As decades rollover, the entrenchment of blockchain technology in the strategic aspect of an organization is evolving. Business leaders now observe blockchain as a strategic solution and integral to innovation.
Evidently, organizations are increasing their investments in staffing and technology adoption. We witness an improvement pattern in the blockchain sentiment - 55 % as against 53% in 2019 and 43% in 2018, Deloitte’s latest survey reports.
Further, the survey report affirms that many have already incorporated blockchain into production and have realized more than USD 100 million [41%] and USD 1 billion [46%] in revenue.
But, the implementation of blockchain technology in compliance with the existing laws is a daunting task for many. The main concerns to blockchain adoption as expressed by blockchain leaders include:
Let’s understand to tackle this regulatory uncertainty - the top barrier to blockchain adoption for global blockchain leaders.
Blockchain demands a complete transformation of business models, roles, and processes. It requires a clear business case, an ecosystem, rules, standards, and flexibility to deal with regulatory change. So, many C-suite executives and senior-level managers find regulatory complexity as one of the top barriers to blockchain adoption.
According to Arnold Spencer, Coinsource, “though a company embraces blockchain strategy, it will not be successful until the regulators work out in favor of them. As a result, many companies are reluctant to rely on blockchain unless they feel confident about regulators.
The multi-facets of regulatory uncertainties that daunts global blockchain leaders include:
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How global blockchain leaders can address these issues?
Let’s talk about it.
As the saying goes, the greatest challenge also is the greatest opportunity. The absence of regulatory harmony in a blockchain and digital assets construct offers the chance to forge common guidance and establishment of best practices. Many are confident in meeting regulatory requirements, Deloitte reports.
As legislators and governments recognize the potential benefits of blockchain, regulators are unlikely to restrict the use of blockchain applications. Rather, they tend to focus on creating standards for smart contracts or data storage. So, leaders must not misinterpret the lack of regulation as a prohibition from using the technology and ensure that it complies with the broader and relevant laws. They can explore, develop, and pilot blockchain implementation and determine the most effective uses, where there are no blockchain-specific laws.
Moreover, the regulators will not punish the companies that use blockchain technology with care and in good faith. Blockchain leaders need to:
A small-scale pilot of the application is the best strategy when little reliability information is available.
Further, individual states rather than the US government, have adopted blockchain-related legislation. For instance, Vermont enacted a law creating a new business entity type. Likewise, Delaware passed an act that allows the use of blockchain to administer corporate stock records.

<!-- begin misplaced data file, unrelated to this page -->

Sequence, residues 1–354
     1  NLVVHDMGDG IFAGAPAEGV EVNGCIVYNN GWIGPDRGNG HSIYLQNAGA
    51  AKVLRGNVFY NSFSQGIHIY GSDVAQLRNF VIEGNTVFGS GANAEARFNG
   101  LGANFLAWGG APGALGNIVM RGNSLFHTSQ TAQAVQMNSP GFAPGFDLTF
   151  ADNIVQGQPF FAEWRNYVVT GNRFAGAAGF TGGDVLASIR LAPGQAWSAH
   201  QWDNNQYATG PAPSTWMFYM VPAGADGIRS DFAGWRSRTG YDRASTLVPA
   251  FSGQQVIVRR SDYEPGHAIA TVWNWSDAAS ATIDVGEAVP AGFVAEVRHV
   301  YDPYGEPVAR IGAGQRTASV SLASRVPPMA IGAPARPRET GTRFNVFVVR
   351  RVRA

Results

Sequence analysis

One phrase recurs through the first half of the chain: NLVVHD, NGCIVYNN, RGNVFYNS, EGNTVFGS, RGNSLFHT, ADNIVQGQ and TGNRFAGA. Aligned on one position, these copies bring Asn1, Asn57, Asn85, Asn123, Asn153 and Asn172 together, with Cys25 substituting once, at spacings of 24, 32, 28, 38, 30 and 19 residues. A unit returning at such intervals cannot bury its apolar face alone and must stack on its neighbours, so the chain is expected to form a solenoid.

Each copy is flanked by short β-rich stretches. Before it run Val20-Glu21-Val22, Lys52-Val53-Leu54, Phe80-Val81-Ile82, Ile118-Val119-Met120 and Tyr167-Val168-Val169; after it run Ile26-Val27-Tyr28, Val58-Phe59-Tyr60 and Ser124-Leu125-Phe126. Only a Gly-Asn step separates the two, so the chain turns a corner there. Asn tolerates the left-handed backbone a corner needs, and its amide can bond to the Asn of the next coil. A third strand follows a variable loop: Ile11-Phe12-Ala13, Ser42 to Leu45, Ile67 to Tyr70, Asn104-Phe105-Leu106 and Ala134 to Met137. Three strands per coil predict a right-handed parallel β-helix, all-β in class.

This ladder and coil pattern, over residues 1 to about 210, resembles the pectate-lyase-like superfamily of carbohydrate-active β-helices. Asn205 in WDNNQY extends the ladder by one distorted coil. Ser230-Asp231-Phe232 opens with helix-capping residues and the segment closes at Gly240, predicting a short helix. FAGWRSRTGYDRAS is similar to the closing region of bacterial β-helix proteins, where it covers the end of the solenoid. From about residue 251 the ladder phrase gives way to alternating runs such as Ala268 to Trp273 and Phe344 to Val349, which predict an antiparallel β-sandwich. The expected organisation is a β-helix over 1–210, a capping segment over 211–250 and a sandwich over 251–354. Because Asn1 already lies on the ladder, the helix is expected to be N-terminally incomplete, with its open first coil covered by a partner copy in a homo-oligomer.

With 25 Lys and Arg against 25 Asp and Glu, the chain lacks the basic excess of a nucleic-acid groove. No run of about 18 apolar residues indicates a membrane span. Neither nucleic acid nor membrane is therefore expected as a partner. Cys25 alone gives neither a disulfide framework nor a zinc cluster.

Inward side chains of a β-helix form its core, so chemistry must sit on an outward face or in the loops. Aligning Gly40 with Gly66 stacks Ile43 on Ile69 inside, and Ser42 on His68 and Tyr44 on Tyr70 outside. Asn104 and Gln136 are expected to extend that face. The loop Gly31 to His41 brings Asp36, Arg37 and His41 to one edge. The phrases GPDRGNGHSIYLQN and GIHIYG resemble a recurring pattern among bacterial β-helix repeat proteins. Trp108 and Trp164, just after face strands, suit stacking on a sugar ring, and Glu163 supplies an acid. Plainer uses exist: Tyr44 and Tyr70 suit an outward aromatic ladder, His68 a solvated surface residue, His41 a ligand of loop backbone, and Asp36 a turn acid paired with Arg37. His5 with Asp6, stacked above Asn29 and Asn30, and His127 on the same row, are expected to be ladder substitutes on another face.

So, blockchain leaders can implement blockchain applications subject to any existing laws. Likewise, companies with multistate operations should be vigilant to the evolving legal patchwork. It is recommended to:
The French Data Protection Authority has published an initial assessment of the fundamental architecture of a blockchain for exercising a data subject’s rights under the EU General Data Protection Regulation [GDPR]. Leaders can work with counsel and blockchain experts while assessing risks related to the existing laws.
Blockchain implementation requires an understanding of the technology and expertise on the text and application of the specific law. Global blockchain leaders can depend on these 3 aspects when adopting blockchain applications:
Advanced analytics using sophisticated techniques and tools enable blockchain leaders to discover deeper insights, make predictions, and generate recommendations to implement blockchain-enabled applications.
Hunting failure models enables leaders to understand failure rates, frequencies, and other statistical details. Validated failure models help them to develop, design, and analyze methodologies; predict, test, and demonstrate techniques and allocation procedures; and, manage them.
A triangular review due diligence approach – legislation, competency, and capacity enable leaders to obtain astute and timely feedback on the quality and accuracy of blockchain implementation. Thorough due diligence investigations allow leaders to make informed decisions and avoid surprises at the end.
Staying agile to meet the evolving regulatory requirements is the solution to navigate through the uncertainty phases. In this context, the Global Blockchain Leader - GBL™ qualification helps the leaders to select methodologies for enterprise adoption, address practical, societal, and governance challenges across industries and verticals. This qualification serves the senior professionals responsible for developing blockchain as a new business horizontal for their organizations.
Earn a credential to refine, strengthen, and expand your perspective to leverage blockchain for organizational benefits.